Truly; I sincerely hope you don’t let the replies to your post snap your mind shut and keep you away. This could be a good resource for you because it’s real people who’s lives have been severely impacted by non empirical viewpoints, with families that live this issue on a daily, and at times, hourly basis. The replies here are from the “other side” of the issue. What we say here isn’t theory; it’s experience based facts.

JOY…..You are a typical COWARD, Not one response yet to all these comments. ARRRRRGH….it is people like you that make this world unsafe and unpleasant 🙁


Perhap$ $he view$ the opinion$ here a$ a potential threat to her financial $ecurity concern$.

“Can” does not equal “will” change and my experience as a therapist and citizen has been that they seldom change.

Hmmm, and why wouldn’t I believe you are a learned professional, with your blanket statement.
If indeed you are who you claim then, you certainly have reached the level of your incompetence.
Maybe change is a bad word, perhaps learning better methods of behavior would suffice, which is and should be every goal of rehabilitation.
To imply that most sex offenders are incapable of learning basic skills such as avoiding dangerous and stimulating situations or rationalizing immoral behavior and etc. is at least ridiculous and at most prejudiced and unworthy of a fair individual.

But regardless, when RSOs are vividly such a non threatening entity, wouldn’t our resources be better spent educating the public on sex abuse prevention?

Well, for the most part, its very disturbing to think that many in the judicial system try to sell the point that first time offenders are incapable of being rehabilitated? Now, if you killed 5 people or did a drive by shooting ect, thats a different story, but I know for myself I never wanted to be exposed to the judicial system and its now been 19 years. Now, if you are in your late 30’s/40’s and this has been happening for years, I can understand why people have bad attitudes

It’s really odd that people who have, for what ever reason, never have made the bad choice of sticking ones hand in the fire, are quick to make the judgement that those who have will keep burning themselves. When, in this land built by people given the right to learn, improve and change, did this pessimistic, malevolent and thoroughly medieval view of human nature become the main vocabulary of the United States. This article makes me hopeful that their are still compassionate people out there believing in human progress.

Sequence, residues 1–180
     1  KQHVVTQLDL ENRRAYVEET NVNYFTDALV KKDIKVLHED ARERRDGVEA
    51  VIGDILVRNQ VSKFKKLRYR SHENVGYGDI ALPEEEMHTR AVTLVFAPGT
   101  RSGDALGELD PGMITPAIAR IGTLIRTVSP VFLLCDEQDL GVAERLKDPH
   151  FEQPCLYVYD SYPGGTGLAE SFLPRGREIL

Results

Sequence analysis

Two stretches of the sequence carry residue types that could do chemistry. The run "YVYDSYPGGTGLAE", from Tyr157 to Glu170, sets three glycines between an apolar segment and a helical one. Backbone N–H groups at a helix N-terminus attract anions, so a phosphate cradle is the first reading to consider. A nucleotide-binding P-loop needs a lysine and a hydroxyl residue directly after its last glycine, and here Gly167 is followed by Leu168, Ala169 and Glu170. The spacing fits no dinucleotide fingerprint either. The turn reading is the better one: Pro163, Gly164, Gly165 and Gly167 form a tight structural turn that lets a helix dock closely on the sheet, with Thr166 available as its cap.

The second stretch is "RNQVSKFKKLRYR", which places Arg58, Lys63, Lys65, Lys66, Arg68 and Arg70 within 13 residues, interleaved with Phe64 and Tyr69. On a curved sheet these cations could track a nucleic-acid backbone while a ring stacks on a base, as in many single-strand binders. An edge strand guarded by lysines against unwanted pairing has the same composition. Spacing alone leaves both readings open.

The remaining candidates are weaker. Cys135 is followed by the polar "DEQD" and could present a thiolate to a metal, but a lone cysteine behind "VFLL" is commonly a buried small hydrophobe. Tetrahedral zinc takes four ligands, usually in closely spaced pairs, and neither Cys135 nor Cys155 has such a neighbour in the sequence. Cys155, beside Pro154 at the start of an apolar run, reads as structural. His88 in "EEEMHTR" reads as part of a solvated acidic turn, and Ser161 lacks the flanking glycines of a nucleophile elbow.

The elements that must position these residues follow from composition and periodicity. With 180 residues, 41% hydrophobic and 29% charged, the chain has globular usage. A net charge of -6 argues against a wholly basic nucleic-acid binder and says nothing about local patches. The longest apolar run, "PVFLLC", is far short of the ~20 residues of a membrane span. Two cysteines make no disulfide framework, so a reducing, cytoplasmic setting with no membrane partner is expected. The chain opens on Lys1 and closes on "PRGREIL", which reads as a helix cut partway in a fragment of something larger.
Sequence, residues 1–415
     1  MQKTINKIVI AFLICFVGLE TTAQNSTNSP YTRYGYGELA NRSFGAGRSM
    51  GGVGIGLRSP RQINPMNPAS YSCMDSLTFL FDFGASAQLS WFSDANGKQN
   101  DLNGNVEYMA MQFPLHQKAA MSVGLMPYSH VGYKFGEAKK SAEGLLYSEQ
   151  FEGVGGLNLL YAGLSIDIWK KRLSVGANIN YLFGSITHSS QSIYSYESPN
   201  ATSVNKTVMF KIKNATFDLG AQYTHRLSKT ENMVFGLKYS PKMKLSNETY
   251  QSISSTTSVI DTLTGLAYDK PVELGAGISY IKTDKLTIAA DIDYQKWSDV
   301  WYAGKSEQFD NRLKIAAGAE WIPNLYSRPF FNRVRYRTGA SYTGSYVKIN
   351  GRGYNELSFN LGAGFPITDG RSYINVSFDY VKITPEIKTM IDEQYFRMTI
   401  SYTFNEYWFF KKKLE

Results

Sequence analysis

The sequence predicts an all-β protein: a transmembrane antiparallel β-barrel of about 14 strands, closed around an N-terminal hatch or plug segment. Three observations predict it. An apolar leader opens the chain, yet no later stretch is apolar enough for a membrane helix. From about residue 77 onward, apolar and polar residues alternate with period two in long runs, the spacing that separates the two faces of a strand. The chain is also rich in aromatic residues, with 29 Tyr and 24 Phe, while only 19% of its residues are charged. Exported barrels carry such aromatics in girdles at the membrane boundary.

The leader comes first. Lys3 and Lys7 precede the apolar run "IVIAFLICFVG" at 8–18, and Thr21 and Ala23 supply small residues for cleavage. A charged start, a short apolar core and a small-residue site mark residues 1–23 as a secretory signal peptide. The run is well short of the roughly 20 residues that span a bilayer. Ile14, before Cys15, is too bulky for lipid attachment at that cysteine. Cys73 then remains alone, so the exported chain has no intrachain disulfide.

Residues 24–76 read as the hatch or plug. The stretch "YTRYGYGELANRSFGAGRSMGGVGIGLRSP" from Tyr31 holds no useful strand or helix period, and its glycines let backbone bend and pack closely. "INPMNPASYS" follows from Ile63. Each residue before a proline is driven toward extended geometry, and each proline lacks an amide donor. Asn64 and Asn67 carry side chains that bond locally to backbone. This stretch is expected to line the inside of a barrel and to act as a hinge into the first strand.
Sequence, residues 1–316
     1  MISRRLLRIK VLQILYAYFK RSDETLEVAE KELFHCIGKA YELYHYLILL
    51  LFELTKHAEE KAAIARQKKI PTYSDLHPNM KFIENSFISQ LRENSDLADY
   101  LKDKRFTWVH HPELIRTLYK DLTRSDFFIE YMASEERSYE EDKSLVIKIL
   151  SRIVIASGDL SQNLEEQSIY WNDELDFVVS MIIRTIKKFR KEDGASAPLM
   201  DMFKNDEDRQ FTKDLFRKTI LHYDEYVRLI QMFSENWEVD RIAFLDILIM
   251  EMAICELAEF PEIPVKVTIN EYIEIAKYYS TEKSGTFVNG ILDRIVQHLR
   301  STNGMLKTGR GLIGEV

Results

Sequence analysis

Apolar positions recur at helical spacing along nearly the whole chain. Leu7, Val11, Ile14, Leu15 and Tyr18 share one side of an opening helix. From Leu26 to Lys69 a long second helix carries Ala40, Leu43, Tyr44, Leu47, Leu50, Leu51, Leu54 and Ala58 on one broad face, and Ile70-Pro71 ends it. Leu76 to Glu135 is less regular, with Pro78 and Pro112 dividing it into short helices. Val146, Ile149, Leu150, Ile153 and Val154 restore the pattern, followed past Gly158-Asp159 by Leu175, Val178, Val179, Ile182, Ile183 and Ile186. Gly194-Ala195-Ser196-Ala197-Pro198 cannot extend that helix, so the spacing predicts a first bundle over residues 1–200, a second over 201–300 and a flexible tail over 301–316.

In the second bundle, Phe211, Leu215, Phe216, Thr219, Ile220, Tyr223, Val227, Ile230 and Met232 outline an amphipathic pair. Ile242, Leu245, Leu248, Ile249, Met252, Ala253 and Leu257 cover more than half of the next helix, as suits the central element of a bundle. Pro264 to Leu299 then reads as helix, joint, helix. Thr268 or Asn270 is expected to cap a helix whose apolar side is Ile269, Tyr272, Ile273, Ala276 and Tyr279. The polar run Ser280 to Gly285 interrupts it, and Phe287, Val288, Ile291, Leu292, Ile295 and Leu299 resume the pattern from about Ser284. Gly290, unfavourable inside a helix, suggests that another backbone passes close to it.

You make valid points Tim but historically sex offenders are thought to suffer from mental conditions that overcome their ability to learn not to put their hand into a fire.

Obviously, for some that is true but for the documented 95% who aren’t the lie is staggering and unworthy of an advanced civilization.

However, I can’t help but believe it won’t be long before the ever increasing weight of a one size fits all approach to this problem causes it’s own collapse.

You can have terabytes of factual information, but the public perception doesn’t change until you add some kind of Magellan moment, like when an Italian explorer sailed around the globe, and the world finally became round, even though scientists had tried to explain that for centuries before, or when a famous basketball star announced he had AIDS and it brought the disease and it’s victims out of the gay bath houses of peoples biases, and freed up funding for a cure.
There is a scratch that’s needed to crystallized the solution that’s already saturated with evidence. I can’t imagine what that would be with sex offender issues, though.


The same things used to be said about our black brethren. Like you; I think I can feel some sort of change coming; I just hope it’s for the good.

Joy Rocha wrote: “Can we err on the side of the victims?”